Legal profession regulation threatens judicial independence in the long-term

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Since the Legal Practice Act of 2014 came into operation, a change came about in the legal community that is unnoticeable on the surface, but which will have significant consequences over time.


This article was first published on City Press on 6 June 2022

Prior to the Act coming into operation, the advocates’ profession regulated itself according to its own institutional ethos and the standards set by its members. Now, the profession is ultimately controlled by the Department of Justice (DoJ), through the Legal Practice Council (LPC).

The Act, on its face, seems innocuous, as does the Council. Many will argue that the Council is simply a professional regulatory body, as found in other professions – no harm, no foul. However, the long-term implication of bringing the advocates’ profession under the ultimate direction of the DoJ is striking.

Judges in South Africa are almost exclusively drawn from the advocates’ profession, after they have had many years of practice, and often many years of being acting judges.

Judicial impartiality is a hallmark of any legal system worth its salt. Prior to the advent of constitutionalism, the State could conduct itself as it pleased – the law applied only to subjects, not to the sovereign. Constitutionalism meant that the limits of law also applied to the sovereign, and as such had to be enforced upon the sovereign. The judicial branch of government received new importance as it filled this role.

No judge could fulfil this role appropriately if they were conditioned to see things through the prism of statism, or whatever ideology is in vogue among the ruling elite at a given point in time. To keep government to account, judges must be independently minded – or at least as independently minded as we could hope to get them.

Indeed, it used to be a staple of South Africa’s legal-academic discourse during the 1970s and 1980s to criticise the judiciary’s “executive-mindedness.” Led primarily by Professor John Dugard, these “legal realists” understood that judges are not automatons that are coded to be guardians of law but are normal people who are products of their upbringing, their circumstances, and the social and political influences brought to bear upon them.

Thus, a judge whose only lodestar is the law does not exist, but if society hopes to preserve constitutionalism and the rule of law, it must try its darndest to cut away as many dangerous influences and pressures upon the judiciary as it possibly can.

For one reason or another, the legal realist insight from the 70s and 80s has disappeared from the discourse. It is as if many people, legal academics included, thought that the adoption of the Constitution in the 1990s was akin to waving a magic wand that turned judges into wise sages without fear, favour, or prejudice. Professor Koos Malan has been a lone voice in continuing the realist tradition with academic rigour in the new South Africa.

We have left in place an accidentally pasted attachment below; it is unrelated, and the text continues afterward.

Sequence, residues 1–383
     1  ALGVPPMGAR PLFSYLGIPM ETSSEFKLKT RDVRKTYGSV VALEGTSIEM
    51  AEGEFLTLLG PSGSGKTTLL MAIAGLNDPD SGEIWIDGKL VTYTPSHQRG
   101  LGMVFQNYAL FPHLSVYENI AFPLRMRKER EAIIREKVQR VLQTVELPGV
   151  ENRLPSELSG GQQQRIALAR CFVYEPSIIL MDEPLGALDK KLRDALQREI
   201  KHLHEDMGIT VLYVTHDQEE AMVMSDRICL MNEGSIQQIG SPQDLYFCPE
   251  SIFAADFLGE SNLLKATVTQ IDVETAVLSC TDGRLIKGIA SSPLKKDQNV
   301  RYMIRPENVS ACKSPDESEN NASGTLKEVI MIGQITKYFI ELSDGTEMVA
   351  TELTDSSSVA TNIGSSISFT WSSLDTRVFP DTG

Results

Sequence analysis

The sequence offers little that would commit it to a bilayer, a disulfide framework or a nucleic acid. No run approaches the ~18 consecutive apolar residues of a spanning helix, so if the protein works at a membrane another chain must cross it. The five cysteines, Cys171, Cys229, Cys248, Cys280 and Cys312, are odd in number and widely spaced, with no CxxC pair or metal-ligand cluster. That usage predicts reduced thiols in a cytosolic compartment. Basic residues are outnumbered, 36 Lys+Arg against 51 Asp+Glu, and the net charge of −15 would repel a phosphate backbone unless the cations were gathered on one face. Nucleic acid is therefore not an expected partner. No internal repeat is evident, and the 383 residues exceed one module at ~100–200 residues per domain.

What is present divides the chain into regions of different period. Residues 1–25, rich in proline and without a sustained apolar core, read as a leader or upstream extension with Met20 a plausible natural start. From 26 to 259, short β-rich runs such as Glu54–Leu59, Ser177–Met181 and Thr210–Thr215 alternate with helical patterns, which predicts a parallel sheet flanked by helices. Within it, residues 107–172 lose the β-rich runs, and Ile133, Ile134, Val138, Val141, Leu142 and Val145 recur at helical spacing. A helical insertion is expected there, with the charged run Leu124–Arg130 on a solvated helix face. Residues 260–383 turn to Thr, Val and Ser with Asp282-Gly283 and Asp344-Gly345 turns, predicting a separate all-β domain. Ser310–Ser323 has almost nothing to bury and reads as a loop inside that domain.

Malan has astutely pointed out that judges have already come under the ideological sway of the political elite, long before the Legal Practice Act was adopted.

Indeed, the ideological independence of the judiciary has long been indirectly undermined by the Judicial Service Commission. Firebrand politicians with no inkling of what is and is not judicially relevant, and preoccupied with racial identity, have been explicit about nominating candidates to the courts for superficial reasons without regard to those candidates’ legal philosophies.

But the Legal Practice Act’s long-term effects will add to this already condemnable situation.

South Africa still has exemplary judges – without a doubt, the best and fairest in Africa – despite their increasing ideological commitment to State policy. But as time goes by, and more new advocates come under the jurisdiction of the LPC and the DoJ, the independent ethos that the advocates’ profession to an extent still inculcates, will dissipate. And this will be reflected in the quality and independence of the judges appointed from that profession.

As a matter of constitutionalism, society’s lawyers simply must be independent, because they are the tools society uses to ensure the State conducts itself lawfully and appropriately. While attorneys have unfortunately been regulated for decades, the independence of advocates was a strong guarantee that those who ultimately appear before the courts, and those who end up sitting on the bench, would keep the government within the limits of law.

South Africans should be jealously guarded about the Constitution and the values and conduct that surround it. Challenging intrusions like the Legal Practice Act and reforming the advocates’ profession – and hopefully the attorneys’ profession as well – into independent bulwarks of protection against oppression and political abuse must be high on our agenda.

Martin van Staden sits on the Executive Committee and Rule of Law Board of Advisors of the Free Market Foundation. He is pursuing a doctorate in law at the University of Pretoria.

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